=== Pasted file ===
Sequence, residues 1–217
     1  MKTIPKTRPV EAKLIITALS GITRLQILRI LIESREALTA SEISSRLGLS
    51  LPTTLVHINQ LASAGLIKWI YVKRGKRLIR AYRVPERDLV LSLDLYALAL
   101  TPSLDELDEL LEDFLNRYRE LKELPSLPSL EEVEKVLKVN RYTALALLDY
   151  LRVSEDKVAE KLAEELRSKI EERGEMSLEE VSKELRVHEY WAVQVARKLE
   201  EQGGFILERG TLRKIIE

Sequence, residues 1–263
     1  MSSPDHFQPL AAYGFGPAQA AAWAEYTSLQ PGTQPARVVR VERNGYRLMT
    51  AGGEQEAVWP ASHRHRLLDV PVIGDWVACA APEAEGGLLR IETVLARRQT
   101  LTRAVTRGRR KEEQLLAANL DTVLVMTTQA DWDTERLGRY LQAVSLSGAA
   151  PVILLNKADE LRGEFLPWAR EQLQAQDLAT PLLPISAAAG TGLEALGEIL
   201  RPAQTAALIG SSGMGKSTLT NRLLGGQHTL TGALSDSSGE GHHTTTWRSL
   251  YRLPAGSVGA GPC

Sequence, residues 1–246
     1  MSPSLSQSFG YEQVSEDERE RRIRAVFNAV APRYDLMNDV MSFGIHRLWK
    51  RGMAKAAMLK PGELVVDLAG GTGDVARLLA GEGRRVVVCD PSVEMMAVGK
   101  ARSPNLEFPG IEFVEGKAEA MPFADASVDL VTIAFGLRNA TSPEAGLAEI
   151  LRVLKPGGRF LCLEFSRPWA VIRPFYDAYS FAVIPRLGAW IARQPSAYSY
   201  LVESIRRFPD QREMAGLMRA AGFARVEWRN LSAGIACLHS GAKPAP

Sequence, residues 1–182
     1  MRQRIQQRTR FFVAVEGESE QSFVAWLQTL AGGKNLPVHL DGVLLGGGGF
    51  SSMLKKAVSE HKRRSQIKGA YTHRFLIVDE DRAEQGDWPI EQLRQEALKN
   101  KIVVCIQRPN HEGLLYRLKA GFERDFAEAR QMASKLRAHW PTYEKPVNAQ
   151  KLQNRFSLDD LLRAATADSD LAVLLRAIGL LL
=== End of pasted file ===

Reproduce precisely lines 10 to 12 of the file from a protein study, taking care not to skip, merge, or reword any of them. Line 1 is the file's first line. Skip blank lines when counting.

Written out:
   101  LTRAVTRGRR KEEQLLAANL DTVLVMTTQA DWDTERLGRY LQAVSLSGAA
   151  PVILLNKADE LRGEFLPWAR EQLQAQDLAT PLLPISAAAG TGLEALGEIL
   201  RPAQTAALIG SSGMGKSTLT NRLLGGQHTL TGALSDSSGE GHHTTTWRSL